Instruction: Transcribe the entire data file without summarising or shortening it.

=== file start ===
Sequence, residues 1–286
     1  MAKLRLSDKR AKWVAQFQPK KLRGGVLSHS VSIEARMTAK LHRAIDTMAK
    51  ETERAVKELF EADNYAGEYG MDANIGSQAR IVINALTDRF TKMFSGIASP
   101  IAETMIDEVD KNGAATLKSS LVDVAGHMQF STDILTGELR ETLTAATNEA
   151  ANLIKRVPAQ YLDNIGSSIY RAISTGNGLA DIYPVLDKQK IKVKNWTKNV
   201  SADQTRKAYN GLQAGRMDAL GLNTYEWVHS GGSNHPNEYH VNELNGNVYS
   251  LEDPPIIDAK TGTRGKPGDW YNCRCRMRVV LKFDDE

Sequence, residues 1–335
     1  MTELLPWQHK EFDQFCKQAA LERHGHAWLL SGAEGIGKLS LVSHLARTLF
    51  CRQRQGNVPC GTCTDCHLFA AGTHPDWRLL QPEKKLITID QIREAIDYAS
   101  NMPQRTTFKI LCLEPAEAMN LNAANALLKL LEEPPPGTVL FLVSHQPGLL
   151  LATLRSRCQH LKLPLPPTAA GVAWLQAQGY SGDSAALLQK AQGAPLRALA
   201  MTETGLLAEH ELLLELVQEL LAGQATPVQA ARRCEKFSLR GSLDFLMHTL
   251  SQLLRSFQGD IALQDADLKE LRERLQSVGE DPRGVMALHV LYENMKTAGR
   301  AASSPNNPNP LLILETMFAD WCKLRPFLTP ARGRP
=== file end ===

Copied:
Sequence, residues 1–286
     1  MAKLRLSDKR AKWVAQFQPK KLRGGVLSHS VSIEARMTAK LHRAIDTMAK
    51  ETERAVKELF EADNYAGEYG MDANIGSQAR IVINALTDRF TKMFSGIASP
   101  IAETMIDEVD KNGAATLKSS LVDVAGHMQF STDILTGELR ETLTAATNEA
   151  ANLIKRVPAQ YLDNIGSSIY RAISTGNGLA DIYPVLDKQK IKVKNWTKNV
   201  SADQTRKAYN GLQAGRMDAL GLNTYEWVHS GGSNHPNEYH VNELNGNVYS
   251  LEDPPIIDAK TGTRGKPGDW YNCRCRMRVV LKFDDE

Sequence, residues 1–335
     1  MTELLPWQHK EFDQFCKQAA LERHGHAWLL SGAEGIGKLS LVSHLARTLF
    51  CRQRQGNVPC GTCTDCHLFA AGTHPDWRLL QPEKKLITID QIREAIDYAS
   101  NMPQRTTFKI LCLEPAEAMN LNAANALLKL LEEPPPGTVL FLVSHQPGLL
   151  LATLRSRCQH LKLPLPPTAA GVAWLQAQGY SGDSAALLQK AQGAPLRALA
   201  MTETGLLAEH ELLLELVQEL LAGQATPVQA ARRCEKFSLR GSLDFLMHTL
   251  SQLLRSFQGD IALQDADLKE LRERLQSVGE DPRGVMALHV LYENMKTAGR
   301  AASSPNNPNP LLILETMFAD WCKLRPFLTP ARGRP